Please respond to these important questions.
The Canadian Cancer Survivor Network (CCSN) works to connect patients, survivors and other stakeholder groups with decision makers and the wider community to engage in discussion and to act on evidence-based best practices to alleviate the medical, emotional, financial and social costs of cancer and encourage research on ways to overcome barriers to optimal cancer care and follow-up for patients, caregivers and survivors in Canada.
A recent CCSN-commissioned Leger survey of 1,243 Canadians revealed that the response to the COVID-19 pandemic has led to a crisis in essential cancer care across the country. Cancer patients, their caregivers and those awaiting confirmation of a cancer diagnosis faced and still face postponed and cancelled appointments, tests and treatment, causing heightened fear and anxiety, even as pandemic restrictions of are lifted.
Here are a few responses we received in our Leger survey from cancer patients living in New Brunswick:
“I had a throat scan cancelled, now I don’t know if I’m still in remission.”
“Crainte que le cancer soit revenu et de ne pouvoir avoir de suivi dans un délai raisonnable.”
The government of New Brunswick has a critical role to play in making sure that essential cancer care is not disrupted by COVID-19.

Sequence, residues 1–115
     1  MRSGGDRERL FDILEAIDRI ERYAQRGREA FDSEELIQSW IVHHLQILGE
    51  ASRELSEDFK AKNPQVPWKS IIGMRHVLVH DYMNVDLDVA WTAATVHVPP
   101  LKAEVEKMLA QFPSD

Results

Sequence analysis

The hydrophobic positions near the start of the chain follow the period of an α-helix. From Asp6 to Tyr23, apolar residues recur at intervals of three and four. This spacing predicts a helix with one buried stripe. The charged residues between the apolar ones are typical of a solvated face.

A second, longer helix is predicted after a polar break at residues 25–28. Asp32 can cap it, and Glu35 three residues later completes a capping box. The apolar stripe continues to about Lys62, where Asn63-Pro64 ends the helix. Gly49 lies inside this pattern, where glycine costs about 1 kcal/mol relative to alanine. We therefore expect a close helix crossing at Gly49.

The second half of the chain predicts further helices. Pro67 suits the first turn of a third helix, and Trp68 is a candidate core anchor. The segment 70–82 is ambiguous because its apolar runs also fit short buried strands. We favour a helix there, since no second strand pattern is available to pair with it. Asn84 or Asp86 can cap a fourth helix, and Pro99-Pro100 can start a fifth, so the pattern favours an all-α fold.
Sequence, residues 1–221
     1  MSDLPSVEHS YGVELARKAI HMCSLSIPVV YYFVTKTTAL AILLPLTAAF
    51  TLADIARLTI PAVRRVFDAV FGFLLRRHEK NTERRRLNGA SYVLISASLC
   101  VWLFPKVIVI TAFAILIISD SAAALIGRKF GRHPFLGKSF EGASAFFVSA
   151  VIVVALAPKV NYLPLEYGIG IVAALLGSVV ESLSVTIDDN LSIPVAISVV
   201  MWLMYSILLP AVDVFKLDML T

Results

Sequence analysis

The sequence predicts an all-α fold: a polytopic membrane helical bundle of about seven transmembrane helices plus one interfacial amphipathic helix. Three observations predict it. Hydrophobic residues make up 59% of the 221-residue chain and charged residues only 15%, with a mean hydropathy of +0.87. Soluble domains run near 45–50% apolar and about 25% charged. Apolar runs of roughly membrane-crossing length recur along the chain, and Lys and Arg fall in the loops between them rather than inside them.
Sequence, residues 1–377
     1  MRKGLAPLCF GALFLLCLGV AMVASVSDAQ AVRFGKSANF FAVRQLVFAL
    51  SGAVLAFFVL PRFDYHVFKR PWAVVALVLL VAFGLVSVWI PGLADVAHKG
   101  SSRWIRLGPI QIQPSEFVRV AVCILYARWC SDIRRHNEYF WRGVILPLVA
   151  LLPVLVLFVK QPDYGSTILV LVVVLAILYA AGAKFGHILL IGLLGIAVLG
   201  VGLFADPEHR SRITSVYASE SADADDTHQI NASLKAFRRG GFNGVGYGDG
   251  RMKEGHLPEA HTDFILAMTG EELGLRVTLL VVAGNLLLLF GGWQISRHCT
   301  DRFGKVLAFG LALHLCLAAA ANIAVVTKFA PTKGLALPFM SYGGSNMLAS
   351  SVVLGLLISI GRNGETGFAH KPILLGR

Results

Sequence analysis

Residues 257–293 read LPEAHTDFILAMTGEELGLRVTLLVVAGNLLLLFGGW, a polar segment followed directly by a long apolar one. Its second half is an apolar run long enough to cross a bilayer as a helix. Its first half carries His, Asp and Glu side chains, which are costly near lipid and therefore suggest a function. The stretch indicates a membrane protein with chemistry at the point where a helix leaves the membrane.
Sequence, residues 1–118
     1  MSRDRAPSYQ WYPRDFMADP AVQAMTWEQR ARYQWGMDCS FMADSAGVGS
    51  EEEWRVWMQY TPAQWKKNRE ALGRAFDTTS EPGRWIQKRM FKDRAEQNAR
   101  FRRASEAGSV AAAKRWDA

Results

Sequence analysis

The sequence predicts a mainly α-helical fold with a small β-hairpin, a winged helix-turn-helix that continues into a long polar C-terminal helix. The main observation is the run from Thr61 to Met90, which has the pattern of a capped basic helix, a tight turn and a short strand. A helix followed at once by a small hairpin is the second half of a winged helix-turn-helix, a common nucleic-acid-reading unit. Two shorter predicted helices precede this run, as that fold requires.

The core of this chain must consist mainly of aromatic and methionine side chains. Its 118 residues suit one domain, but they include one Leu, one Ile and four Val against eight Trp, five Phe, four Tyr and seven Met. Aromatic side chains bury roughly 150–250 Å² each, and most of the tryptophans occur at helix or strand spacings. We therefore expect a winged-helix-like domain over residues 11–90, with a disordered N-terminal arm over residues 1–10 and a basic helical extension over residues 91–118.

Cancer can’t be cancelled or postponed. The delay and cancellation of cancer care due to COVID-19 has triggered another public health crisis. Cancer care and diagnosis must continue during any public health crisis affecting Canadians to save lives.
If elected, how will your government provide the explicit inclusion of essential cancer care in a second or third wave of COVID-19 and in all crisis and pandemic planning in the future?
Your response will be circulated to cancer patients, caregivers and survivors in New Brunswick and included on our website at www.survivornet.ca. Links to your responses will also be posted on Facebook and Twitter.
Response from the candidate:
“Thank you for your message. I absolutely think that cancer care and diagnosis need to continue through potential future waves of a pandemic. In 2014, right after my first provincial election campaign, my father was diagnosed with pancreatic cancer. Rapid diagnosis and surgery extended his life for another two and a half years. I’d hate to think that the postponement of some of these procedures could be costing people their lives. I helped him navigate the healthcare system before he passed away and saw many of the challenges he faced, which is one of the main reasons that I ran for office in 2018, when I was first elected as MLA. I can only imagine how difficult it is for patients and their families to deal with the extra stress and disruptions to care caused by the pandemic. I have helped constituents (and even people on the Nova Scotia side of the border who access care in NB) to receive care that was cancelled during the pandemic and agree that this needs to be a top priority. We must ensure that cancer care does not stop due to a second wave of COVID-19. I would work with stakeholders to advocate for it continuing through the second wave to ensure the healthcare system is responding to the needs of the patients. I appreciate you sharing the information from your survey with me, to help me better understand and be a better advocate.”
—Megan Mitton, Green Party Candidate Memramcook-Tantramar